Recycling Entitlement & Gender Roles to Fuel Extremism 

April 21, 2022 0 comments

Anti-Feminist and misogynistic sentiments have become much more prevalent in real life, on social media, and even within seemingly benign online forums.

Feminism is presently the most popular recruiting tactic for far-right organizations due to the widespread conviction that feminism was never about equality for women but rather about women “unnaturally” seeking dominance over men.

Anti-feminism is the perfect entry point into the far-right worldview because they both center around actual, observable issues relating to gender, reproduction, and opportunity.

  • There is no longer a “family wage” in which a guy can make enough money to support his wife and children.
  • When it comes to money, working women don’t have to rely on males as much.
  • In many cases, women find it possible (though still not easy) to leave abusive or otherwise unacceptable situations.
  • Women do not have to be subordinate to males if they are in charge of their own fertility and finances.
  • Women with higher educational attainment have fewer children than those with lower educational attainment.
  • There is little doubt that birth rates are declining in the developed world.

The widespread acceptance of gender classifications and social standards in mainstream society means that anti-feminism ideas can be voiced with minimal resistance, yet still appear rebellious or even centrist by challenging the beliefs of “both sides” of the feminism debate, often disguised as “theoretical” discussions with feminists.

“Theoretical” debates concerning historical and scientific “errors,” as well as the “roots of social movements,” are often used as a purposeful tactic to weaken women’s advocates’ trust in their own beliefs and confidence.

Speaking out against the “political, intellectual, or cultural elites” is considered as a form of defiance when one has sexist attitudes. To them, even having sexist views is an act of resistance.

Statements that women are “naturally” less knowledgeable or weaker than men are met with significantly less objections than claims that different racial groups have “naturally” less intelligence.

Anti-feminist ideology also has the potential to turn into a circular conspiracy theory, similar to the kind of anti-Semitic ideas that flourish online.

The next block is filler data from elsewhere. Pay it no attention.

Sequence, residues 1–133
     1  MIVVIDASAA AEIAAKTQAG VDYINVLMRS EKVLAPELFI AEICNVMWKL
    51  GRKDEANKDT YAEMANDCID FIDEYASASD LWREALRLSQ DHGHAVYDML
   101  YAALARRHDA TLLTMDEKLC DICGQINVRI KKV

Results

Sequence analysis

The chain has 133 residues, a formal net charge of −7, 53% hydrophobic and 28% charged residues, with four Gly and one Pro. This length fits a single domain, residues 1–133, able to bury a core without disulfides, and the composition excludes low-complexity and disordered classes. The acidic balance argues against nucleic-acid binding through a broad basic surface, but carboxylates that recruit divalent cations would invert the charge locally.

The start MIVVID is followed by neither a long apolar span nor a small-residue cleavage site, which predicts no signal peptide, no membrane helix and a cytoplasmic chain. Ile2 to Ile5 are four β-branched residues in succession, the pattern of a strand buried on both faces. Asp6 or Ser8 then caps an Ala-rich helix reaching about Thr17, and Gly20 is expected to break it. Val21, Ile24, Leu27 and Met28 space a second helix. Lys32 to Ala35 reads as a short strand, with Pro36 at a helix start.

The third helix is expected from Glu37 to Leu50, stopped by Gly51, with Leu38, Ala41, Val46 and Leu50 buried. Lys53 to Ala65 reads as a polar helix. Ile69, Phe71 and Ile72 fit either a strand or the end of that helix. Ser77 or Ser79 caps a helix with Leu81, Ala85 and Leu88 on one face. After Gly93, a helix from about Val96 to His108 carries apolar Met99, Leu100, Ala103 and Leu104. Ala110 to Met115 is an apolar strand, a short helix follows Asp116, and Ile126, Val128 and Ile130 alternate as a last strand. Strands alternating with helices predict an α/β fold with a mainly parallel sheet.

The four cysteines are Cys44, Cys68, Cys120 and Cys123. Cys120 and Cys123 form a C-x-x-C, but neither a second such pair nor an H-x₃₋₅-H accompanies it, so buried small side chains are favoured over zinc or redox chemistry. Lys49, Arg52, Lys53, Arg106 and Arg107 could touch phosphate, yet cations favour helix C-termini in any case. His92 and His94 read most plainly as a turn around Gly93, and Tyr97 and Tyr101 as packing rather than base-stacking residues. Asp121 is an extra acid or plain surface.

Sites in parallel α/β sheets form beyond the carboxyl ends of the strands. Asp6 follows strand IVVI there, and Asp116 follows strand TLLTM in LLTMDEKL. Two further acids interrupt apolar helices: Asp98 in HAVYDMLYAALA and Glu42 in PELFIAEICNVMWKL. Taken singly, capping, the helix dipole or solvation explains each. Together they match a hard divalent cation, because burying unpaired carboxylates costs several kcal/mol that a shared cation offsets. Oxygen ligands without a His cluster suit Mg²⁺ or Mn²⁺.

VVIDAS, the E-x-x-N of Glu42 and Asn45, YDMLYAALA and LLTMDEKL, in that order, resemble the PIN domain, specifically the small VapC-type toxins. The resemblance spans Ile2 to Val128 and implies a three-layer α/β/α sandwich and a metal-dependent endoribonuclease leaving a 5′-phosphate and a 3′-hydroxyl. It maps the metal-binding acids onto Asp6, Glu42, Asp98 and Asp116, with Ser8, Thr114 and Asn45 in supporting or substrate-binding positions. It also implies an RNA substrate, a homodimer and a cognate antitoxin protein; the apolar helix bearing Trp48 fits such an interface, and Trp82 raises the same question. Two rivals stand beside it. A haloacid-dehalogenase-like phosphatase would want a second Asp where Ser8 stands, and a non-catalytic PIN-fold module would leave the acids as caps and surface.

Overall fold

For example, there is a strongly held belief or perception that Feminists influence all government decision-making, despite the fact that women are still underrepresented at every level of elected office in every country.

According to Ashley Mattheis, a researcher at the University of North Carolina who studies the far right online, misogyny is exploited as the initial outreach method. “You were owed something, or your life should have been X, but because of the ridiculous things feminists are doing, you can’t access them.”

Mattheis claims that when men and women get more involved in these social networks, the anti-feminist rhetoric takes on racial connotations. “Once you engage with the idea that a social-justice-warrior club and the feminist movement have increased the precarity of men,” she said, “that moves over time into the increased precarity and endangerment of ‘the West.’”

As a result, anti-feminist ideology also has the potential to turn into a circular conspiracy theory, similar to the kind of anti-Semitic ideas that flourish in Charlottesville, Virginia, when neo-Nazis screamed, “The Jews will not replace us.” This idea has been memefied by the online extreme right, with diverse groups presented as the usurpers: According to the shooter in Christchurch, the threat was posed by Muslims, whereas in El Paso, it was Hispanic immigrants who were the cause of concern.

While the far right’s argument often centers on how Muslim men control Muslim women, that also translates, for them, that the non-white Muslim “civilization is rising [while] the West is declining.”

And far-right anti-Muslim sentiments are occasionally mixed with far-right admiration for countries that restrict the sexual liberties of women. Even if the adulation, sometimes to the point of fetishization, is based on misinformation or erroneous stereotypes, it is nevertheless genuine for many in the far-right circles.

Because the far-right regards bodily autonomy and the freedom to choose sexual partners as direct threats to their version of utopian civilization, the far-right sees regulating white female sexuality and reproduction absolutely essential, rising above almost all other issues.

Thus, sexism, along with racism and Nazism, was reborn in the twenty-first century as modern and rational intellectual ideals for the preservation of culture.

Many individuals in the modern world are outraged that elected leaders in the United States are openly aligning themselves with Neo-Nazis while passing legislation that restricts the rights of our Black and LGBTQ family, friends, and neighbors, as well as other diverse groups.

As I witness my fellow humans declare their intention to not only preserve but also recreate supremacist history as our future, I am filled with shame and horror, knowing that they are willing to destroy the Great American Experiment, the United States Constitution, and other human beings in the process.

And I say “No!”

Hating the wrongs in my heart is insufficient, and it is the weakest of faith. I intend to use my hands and my voice to right such wrongs whenever possible within my sphere of influence.

Because somebody should do something.

And until I die, I am somebody.

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